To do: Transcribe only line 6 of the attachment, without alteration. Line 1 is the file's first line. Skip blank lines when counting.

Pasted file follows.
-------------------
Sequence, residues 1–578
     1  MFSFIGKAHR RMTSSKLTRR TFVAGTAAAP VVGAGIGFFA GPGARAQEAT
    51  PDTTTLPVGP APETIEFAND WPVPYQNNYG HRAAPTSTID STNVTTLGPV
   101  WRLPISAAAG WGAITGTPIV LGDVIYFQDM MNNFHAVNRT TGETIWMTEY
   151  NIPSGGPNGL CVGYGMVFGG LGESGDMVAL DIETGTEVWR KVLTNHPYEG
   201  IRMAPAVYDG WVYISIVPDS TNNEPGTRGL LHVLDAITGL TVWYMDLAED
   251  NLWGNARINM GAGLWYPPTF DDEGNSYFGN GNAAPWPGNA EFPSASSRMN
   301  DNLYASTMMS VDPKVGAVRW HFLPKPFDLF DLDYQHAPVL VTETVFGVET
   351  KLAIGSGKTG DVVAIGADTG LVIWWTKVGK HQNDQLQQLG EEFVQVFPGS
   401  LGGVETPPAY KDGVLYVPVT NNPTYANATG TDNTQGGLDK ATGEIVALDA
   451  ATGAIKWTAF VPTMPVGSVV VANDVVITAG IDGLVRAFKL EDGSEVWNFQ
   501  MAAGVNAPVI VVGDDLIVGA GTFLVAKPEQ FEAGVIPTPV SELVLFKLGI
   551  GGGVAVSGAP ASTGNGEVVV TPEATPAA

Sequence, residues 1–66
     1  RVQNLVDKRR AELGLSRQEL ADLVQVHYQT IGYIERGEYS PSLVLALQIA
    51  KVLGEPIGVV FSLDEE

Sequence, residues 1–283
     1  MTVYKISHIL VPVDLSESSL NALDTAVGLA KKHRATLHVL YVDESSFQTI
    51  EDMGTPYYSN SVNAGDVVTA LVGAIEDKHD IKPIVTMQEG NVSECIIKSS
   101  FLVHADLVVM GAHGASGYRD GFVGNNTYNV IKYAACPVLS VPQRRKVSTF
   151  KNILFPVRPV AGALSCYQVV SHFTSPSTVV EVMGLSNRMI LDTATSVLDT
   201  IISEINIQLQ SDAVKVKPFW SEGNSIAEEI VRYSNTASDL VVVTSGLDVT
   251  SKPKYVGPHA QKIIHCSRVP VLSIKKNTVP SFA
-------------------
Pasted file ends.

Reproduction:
   201  IRMAPAVYDG WVYISIVPDS TNNEPGTRGL LHVLDAITGL TVWYMDLAED